On Friday, a divided three-judge panel of the federal Eleventh Circuit Court of Appeals, which has jurisdiction in the Southeast United States, ruled that the “individual mandate” provision of the Obama health care law, which requires all Americans to purchase health insurance by 2014, is unconstitutional.
The two-judge majority found that Congress lacks the constitutional authority to compel individuals to buy certain products. “This economic mandate represents a wholly novel and potentially unbounded assertion of congressional authority: the ability to compel Americans to purchase an expensive health insurance product they have elected not to buy, and to make them re-purchase that insurance product every month for their entire lives,” they wrote.
The majority, consisting of Chief Judge Joel Dubina and Circuit Judge Frank Hull—a Bush appointee and a Clinton appointee, respectively—held that the federal government could not force all Americans to “enter into contracts with private insurance companies for the purchase of an expensive product from the time they are born until the time they die.”
The court’s decision affirms the reasoning of Florida District Judge Roger Vinson, who found the law unconstitutional on January 31. (See Federal judge rules Obama health care law unconstitutional.) At the same time, while Vinson had struck down the entire law, the Eleventh Circuit struck down only the “individual mandate” provisions, leaving the remainder of the law intact.
Circuit Judge Stanley Marcus dissented from the portion of the opinion addressing the constitutionality of the mandate, and argued that the mandate was covered by the broad power of the federal government to regulate interstate commerce.
The individual mandate provision of the Affordable Care Act faces dozens of challenges in courts throughout the country, and its constitutionality will likely be the subject of a final determination by the Supreme Court in one of its upcoming terms. The Sixth Circuit Court of Appeals, which sits in Ohio, has upheld it as constitutional. Another challenge is pending in the Fourth Circuit Court of Appeals in Virginia.
The Affordable Care Act, signed by President Barack Obama in March 2010, was much celebrated by liberal and pseudo-left organizations as the great “progressive” achievement of the Obama administration. Promises to enact such a law were used to justify votes for the Democratic presidential candidate. The Republicans, and in particular the Tea Party elements, constitute the official opposition to the law. These forces are behind most of the legal challenges that are currently pending in the courts.
The challenge to the Affordable Care Act that was the subject of Friday’s decision was brought by a coalition of 26 states, the National Federation of Independent Businesses, and two individuals. A number of extreme right-wing personalities, including religious fundamentalist and Republican presidential candidate Michele Bachmann, have issued statements praising the ruling.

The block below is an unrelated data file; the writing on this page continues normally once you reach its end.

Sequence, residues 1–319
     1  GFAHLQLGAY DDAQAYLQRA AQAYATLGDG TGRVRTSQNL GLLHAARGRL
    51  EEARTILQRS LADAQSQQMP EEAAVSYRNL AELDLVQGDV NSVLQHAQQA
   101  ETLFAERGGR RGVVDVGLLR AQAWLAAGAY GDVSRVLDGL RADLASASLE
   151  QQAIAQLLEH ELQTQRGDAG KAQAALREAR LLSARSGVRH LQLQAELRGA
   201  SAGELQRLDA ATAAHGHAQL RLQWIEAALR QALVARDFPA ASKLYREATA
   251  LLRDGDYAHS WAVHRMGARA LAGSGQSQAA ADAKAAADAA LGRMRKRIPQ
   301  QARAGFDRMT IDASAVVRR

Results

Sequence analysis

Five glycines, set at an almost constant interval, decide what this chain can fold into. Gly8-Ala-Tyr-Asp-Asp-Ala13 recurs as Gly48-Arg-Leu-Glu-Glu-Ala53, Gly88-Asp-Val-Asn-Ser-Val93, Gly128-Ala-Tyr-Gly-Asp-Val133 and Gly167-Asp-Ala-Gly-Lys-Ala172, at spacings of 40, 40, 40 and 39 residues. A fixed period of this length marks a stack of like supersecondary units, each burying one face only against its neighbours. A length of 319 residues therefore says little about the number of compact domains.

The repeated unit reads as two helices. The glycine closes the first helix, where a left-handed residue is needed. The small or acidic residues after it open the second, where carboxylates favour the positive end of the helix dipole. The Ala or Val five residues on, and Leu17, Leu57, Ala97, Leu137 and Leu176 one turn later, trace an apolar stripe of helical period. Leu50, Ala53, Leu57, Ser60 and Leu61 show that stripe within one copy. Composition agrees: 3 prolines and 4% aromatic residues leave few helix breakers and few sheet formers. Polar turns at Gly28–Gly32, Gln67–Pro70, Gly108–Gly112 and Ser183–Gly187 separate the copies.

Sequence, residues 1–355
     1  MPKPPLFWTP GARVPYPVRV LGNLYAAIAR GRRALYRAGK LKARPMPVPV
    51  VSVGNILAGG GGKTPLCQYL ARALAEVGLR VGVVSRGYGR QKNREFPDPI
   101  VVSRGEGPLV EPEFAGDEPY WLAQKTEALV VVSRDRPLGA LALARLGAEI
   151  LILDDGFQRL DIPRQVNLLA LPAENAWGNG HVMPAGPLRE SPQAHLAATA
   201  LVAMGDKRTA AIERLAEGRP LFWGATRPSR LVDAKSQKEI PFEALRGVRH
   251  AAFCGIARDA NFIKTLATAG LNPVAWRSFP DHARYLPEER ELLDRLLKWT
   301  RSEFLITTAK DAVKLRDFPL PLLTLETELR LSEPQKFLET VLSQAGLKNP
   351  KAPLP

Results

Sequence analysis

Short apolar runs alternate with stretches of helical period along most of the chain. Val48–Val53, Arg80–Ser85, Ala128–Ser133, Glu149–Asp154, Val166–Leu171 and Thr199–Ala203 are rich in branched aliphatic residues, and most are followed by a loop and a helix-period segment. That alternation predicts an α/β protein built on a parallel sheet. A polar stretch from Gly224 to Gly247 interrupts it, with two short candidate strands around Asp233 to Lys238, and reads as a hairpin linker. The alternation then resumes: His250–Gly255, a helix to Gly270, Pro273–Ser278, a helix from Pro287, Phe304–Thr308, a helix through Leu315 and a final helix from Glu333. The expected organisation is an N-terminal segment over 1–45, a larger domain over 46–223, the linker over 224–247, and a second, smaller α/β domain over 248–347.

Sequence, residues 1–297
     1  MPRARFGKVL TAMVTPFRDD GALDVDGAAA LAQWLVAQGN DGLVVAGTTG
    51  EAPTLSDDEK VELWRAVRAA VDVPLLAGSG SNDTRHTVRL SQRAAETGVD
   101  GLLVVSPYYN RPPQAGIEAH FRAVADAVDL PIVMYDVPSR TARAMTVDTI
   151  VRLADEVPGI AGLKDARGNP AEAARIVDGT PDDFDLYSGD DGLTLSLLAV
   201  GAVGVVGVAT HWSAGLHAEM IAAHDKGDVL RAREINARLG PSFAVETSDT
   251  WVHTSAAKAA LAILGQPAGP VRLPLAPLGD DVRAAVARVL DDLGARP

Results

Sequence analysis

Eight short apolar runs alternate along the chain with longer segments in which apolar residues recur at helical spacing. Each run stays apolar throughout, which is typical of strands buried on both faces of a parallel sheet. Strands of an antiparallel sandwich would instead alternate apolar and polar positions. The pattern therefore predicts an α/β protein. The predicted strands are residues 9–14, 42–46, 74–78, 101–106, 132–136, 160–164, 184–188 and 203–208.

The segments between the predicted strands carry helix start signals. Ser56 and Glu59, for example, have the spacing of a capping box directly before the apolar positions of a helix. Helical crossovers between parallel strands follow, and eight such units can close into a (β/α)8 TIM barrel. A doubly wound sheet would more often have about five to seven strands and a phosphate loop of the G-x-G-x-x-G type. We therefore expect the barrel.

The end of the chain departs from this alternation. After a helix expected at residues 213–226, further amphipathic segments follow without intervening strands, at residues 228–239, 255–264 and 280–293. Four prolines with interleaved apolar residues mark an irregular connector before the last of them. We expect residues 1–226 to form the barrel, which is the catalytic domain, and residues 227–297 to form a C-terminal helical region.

The Affordable Care Act is not structured as a right of all Americans to health care. Instead, it is structured as a right of insurance companies to receive monthly payments from every single American adult. The individual mandate provision requires all Americans to purchase health insurance from the unpopular and already immensely profitable insurance corporations or pay a fine of up to $2,100 annually.
This purportedly “solves” the problem that an estimated 30 million Americans have no health insurance and accordingly would be bankrupted by a medical emergency or serious illness. This is akin to “solving” the problem of hunger in the US by ordering all Americans to buy food or face a penalty, or “solving” the problem of homelessness by ordering all Americans to buy a house or go to jail.
In addition to its unprecedented mandate, the Affordable Care Act is in fact deeply regressive. Its effect is to shift the burden of rising health care costs onto the poorest sections of society: those tens of millions of people already too poor to purchase health insurance. This is exactly the opposite of a progressive health care measure, which would be funded by a levy not on the resources of the poorest sections, but on the immense profits currently generated by the health care industry and pocketed by a rich few at the top.
Finally, the individual mandate has opened up space for Republican and Tea Party elements to posture as defenders of individual liberties by opposing the law. In fact, to the extent that the quasi-fascistic Tea Party elements, funded to the hilt by the financial and corporate oligarchy, have won any following in the US, it is the Obama administration that has the lion’s share of the responsibility.
The fate of the Affordable Care Act in the Supreme Court is by no means clear. On the one hand, the right-wing faction on the court—including, in particular, Justices Antonin Scalia and Clarence Thomas—openly embraces Tea Party rhetoric. On the other hand, the Supreme Court in general, including the erstwhile liberal minority, is dedicated to the defense of the interests of big business and could favor upholding a regressive law that benefits big insurance companies.